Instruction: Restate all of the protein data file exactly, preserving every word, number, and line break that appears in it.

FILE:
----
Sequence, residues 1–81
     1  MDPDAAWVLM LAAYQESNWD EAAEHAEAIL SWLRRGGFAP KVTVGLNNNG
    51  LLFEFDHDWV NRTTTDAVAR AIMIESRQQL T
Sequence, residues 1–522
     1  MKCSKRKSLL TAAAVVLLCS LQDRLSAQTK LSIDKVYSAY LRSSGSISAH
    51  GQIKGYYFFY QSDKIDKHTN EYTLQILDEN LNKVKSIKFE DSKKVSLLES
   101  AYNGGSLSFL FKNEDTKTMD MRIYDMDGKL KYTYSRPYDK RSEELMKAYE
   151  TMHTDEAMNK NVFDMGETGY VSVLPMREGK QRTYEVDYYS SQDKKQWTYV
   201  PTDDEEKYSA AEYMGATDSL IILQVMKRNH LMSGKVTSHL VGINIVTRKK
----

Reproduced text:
Sequence, residues 1–81
     1  MDPDAAWVLM LAAYQESNWD EAAEHAEAIL SWLRRGGFAP KVTVGLNNNG
    51  LLFEFDHDWV NRTTTDAVAR AIMIESRQQL T
Sequence, residues 1–522
     1  MKCSKRKSLL TAAAVVLLCS LQDRLSAQTK LSIDKVYSAY LRSSGSISAH
    51  GQIKGYYFFY QSDKIDKHTN EYTLQILDEN LNKVKSIKFE DSKKVSLLES
   101  AYNGGSLSFL FKNEDTKTMD MRIYDMDGKL KYTYSRPYDK RSEELMKAYE
   151  TMHTDEAMNK NVFDMGETGY VSVLPMREGK QRTYEVDYYS SQDKKQWTYV
   201  PTDDEEKYSA AEYMGATDSL IILQVMKRNH LMSGKVTSHL VGINIVTRKK